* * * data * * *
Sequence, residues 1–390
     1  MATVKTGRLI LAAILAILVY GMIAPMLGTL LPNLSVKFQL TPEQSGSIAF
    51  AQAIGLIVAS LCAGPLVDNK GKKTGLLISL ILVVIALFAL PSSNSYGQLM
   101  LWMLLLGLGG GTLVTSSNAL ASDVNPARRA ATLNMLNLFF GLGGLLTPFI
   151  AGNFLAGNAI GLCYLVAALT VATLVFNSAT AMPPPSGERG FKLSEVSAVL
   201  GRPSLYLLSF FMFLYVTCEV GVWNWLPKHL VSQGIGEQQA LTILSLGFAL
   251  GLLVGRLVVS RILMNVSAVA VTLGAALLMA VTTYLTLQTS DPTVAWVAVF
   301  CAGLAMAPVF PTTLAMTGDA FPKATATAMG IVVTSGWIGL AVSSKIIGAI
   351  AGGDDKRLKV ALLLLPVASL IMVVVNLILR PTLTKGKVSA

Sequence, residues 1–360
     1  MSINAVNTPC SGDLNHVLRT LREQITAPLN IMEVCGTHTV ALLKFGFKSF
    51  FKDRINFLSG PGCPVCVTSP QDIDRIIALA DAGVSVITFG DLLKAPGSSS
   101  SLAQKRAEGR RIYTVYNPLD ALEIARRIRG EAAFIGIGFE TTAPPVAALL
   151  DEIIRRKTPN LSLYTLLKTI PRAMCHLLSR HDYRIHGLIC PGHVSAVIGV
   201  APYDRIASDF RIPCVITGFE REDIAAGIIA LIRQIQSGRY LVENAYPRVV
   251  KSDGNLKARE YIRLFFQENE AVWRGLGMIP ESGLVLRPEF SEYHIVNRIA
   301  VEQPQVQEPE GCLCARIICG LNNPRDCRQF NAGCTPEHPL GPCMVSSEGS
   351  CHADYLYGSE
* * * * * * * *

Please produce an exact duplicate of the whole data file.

Sequence, residues 1–390
     1  MATVKTGRLI LAAILAILVY GMIAPMLGTL LPNLSVKFQL TPEQSGSIAF
    51  AQAIGLIVAS LCAGPLVDNK GKKTGLLISL ILVVIALFAL PSSNSYGQLM
   101  LWMLLLGLGG GTLVTSSNAL ASDVNPARRA ATLNMLNLFF GLGGLLTPFI
   151  AGNFLAGNAI GLCYLVAALT VATLVFNSAT AMPPPSGERG FKLSEVSAVL
   201  GRPSLYLLSF FMFLYVTCEV GVWNWLPKHL VSQGIGEQQA LTILSLGFAL
   251  GLLVGRLVVS RILMNVSAVA VTLGAALLMA VTTYLTLQTS DPTVAWVAVF
   301  CAGLAMAPVF PTTLAMTGDA FPKATATAMG IVVTSGWIGL AVSSKIIGAI
   351  AGGDDKRLKV ALLLLPVASL IMVVVNLILR PTLTKGKVSA

Sequence, residues 1–360
     1  MSINAVNTPC SGDLNHVLRT LREQITAPLN IMEVCGTHTV ALLKFGFKSF
    51  FKDRINFLSG PGCPVCVTSP QDIDRIIALA DAGVSVITFG DLLKAPGSSS
   101  SLAQKRAEGR RIYTVYNPLD ALEIARRIRG EAAFIGIGFE TTAPPVAALL
   151  DEIIRRKTPN LSLYTLLKTI PRAMCHLLSR HDYRIHGLIC PGHVSAVIGV
   201  APYDRIASDF RIPCVITGFE REDIAAGIIA LIRQIQSGRY LVENAYPRVV
   251  KSDGNLKARE YIRLFFQENE AVWRGLGMIP ESGLVLRPEF SEYHIVNRIA
   301  VEQPQVQEPE GCLCARIICG LNNPRDCRQF NAGCTPEHPL GPCMVSSEGS
   351  CHADYLYGSE